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Korea to Lead Global Anti-Corruption Efforts
Source: koreaherald.com
Source Date: Friday, November 12, 2010
Focus: Citizen Engagement
Country: Korea (Republic of)
Created: Nov 15, 2010

South Korea will conscientiously seek to enhance global cooperation in combating corruption as a “consensus builder” between advanced and developing nations, the vice chief of Seoul’s anti-corruption watchdog said Friday.

The mediating role of Seoul, the host of the Group of 20 summit, has contributed significantly to forging the G20 Anti-Corruption Action Plan, Lee Young-keun, vice chairman of the Anti-Corruption and Civil Rights Commission told The Korea Herald.

“Our country, which has been trying to effectively address corruption issues that have inevitably arisen during the process of rapid economic growth, has been playing an active mediating role between advanced and developing countries at the Anti-Corruption Working Group,” said Lee.

“We have been striving to forge a consensus among them by stressing the need for supporting developing countries’ gradual implementation of the (anti-corruption) agreement, for building anticorruption capacities for G20 nations and for sharing information and good practices.”

The G20 agreed to establish the working group at their previous summit in Toronto in June to make comprehensive recommendations on ways to contribute to global anti-corruption endeavors.

The working group created the action plan, which was announced at the end of the two-day global economic forum on Friday. It was the first time that such a plan, aimed at tackling corruption, was added to the summit declaration.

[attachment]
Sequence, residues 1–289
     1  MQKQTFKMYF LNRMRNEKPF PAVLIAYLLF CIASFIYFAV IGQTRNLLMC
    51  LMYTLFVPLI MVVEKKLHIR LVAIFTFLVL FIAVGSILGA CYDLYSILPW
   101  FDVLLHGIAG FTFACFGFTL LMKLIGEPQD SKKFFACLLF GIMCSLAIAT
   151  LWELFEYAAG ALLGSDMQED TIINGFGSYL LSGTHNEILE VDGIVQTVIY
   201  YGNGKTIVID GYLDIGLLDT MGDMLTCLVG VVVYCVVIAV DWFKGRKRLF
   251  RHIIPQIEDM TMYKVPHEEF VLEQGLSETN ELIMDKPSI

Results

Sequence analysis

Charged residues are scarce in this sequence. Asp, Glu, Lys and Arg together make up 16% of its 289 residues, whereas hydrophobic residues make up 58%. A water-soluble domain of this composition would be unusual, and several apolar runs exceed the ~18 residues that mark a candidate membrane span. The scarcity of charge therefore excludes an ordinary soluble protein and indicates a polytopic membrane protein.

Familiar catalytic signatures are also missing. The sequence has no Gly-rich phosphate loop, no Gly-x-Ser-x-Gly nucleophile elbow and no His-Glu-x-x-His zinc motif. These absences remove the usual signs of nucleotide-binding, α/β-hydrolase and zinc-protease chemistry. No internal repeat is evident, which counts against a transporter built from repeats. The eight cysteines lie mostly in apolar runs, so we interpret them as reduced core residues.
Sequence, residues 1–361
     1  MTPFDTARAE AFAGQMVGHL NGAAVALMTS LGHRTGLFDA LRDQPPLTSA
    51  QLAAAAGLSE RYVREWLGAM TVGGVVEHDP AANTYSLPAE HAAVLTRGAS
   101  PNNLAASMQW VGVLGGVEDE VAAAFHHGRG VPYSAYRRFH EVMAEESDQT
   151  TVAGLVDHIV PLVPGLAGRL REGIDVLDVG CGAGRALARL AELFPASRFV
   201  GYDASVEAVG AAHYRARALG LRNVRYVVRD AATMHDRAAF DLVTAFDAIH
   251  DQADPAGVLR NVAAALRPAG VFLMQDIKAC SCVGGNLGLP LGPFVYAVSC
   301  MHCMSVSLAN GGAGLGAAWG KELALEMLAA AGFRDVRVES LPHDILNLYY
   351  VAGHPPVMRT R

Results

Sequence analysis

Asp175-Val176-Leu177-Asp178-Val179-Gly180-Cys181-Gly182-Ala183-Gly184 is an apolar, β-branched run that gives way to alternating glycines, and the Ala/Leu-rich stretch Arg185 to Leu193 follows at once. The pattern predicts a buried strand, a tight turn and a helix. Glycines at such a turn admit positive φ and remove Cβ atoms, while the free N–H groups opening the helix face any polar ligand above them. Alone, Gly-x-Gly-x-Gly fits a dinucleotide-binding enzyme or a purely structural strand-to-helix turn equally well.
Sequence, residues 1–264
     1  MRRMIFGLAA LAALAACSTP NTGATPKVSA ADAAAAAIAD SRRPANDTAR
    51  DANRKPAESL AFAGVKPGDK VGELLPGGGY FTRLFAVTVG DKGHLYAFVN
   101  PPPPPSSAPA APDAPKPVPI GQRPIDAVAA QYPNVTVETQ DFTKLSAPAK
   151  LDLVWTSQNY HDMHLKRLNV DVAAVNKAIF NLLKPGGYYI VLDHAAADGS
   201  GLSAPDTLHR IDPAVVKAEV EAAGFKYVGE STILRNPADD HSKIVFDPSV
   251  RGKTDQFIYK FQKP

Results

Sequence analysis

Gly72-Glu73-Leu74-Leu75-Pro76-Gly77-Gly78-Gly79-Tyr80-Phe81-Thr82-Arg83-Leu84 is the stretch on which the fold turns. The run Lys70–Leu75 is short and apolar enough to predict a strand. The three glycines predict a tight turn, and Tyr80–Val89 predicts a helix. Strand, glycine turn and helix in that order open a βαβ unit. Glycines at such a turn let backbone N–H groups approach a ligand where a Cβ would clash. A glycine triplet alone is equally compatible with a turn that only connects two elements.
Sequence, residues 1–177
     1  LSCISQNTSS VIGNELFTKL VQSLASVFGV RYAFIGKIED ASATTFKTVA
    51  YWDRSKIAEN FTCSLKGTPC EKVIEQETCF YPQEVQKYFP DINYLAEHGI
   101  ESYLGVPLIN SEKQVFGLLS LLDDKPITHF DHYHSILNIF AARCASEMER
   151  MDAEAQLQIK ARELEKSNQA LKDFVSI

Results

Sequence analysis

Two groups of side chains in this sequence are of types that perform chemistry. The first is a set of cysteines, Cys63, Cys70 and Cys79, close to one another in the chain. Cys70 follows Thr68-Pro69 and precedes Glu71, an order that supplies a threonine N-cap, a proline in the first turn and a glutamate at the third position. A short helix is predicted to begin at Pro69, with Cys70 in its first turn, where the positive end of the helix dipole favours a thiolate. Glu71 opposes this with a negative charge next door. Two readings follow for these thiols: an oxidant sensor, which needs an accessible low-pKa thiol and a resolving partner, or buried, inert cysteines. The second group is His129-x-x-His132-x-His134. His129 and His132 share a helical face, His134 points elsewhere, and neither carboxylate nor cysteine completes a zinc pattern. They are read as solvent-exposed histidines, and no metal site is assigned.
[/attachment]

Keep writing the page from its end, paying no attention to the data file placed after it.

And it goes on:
The ACRC has consistently underscored that anti-corruption issues should be included as a G20 agenda item as corruption has emerged as one of the contributing factors to the economic crisis, Lee noted.

“We have stressed that so as to establish a sustainable, balanced global economic growth model, we should build an international cooperative system by tabling the corruption issues at the G20 summit,” said Lee.

“We have constantly suggested that corruption issues be dealt with in the summit so that we can arouse domestic interest in those issues and pave the way for Korea to become an advanced and clean country.”

At the third G20 summit in Pittsburgh in September 2009, corruption-related content made it into the summit declaration for the first time. But it was not in the form of an action plan. The working group, co-chaired by France and Indonesia, has been working strenuously and finally made the action plan.

“By adopting the action plan, the G20 showed that anticorruption policies are significant in the efforts to achieve a sustainable global economic growth and are part of the national development strategies,” Lee said.

“It is a display of their strong will to work as exemplary anticorruption models. It is meaningful in that it would become a crucial foundation to establish a fair global society.”

Touching on Korea’s global standing in terms of anticorruption policies, Lee said that the country would continue to step up international cooperation in sharing information and technology for combating corruption.

“The ACRC has actively responded to global anticorruption efforts led by international agreements, such as the U.N. Convention against Corruption and the OECD Anti-Bribery Convention,” said Lee.

Also, through cooperative projects with the U.N. Development Program, the ACRC has transferred anticorruption technology to Bhutan and Bangladesh, Lee explained. It has had memorandums of understanding on anticorruption-related issues with Indonesia, Thailand, Vietnam and Mongolia.

“Korea’s integrity level ranks 39th among the 178 countries. This means there are in fact many things to be improved. However, our corruption prevention policies have received a good response from the international society and calls for our support have increased,” Lee said.

“Korea will share our anticorruption know-how and experience from our trial-and-error with the international society so that developing countries can avoid mistakes and focus on their economic and social advancement,” Lee said.
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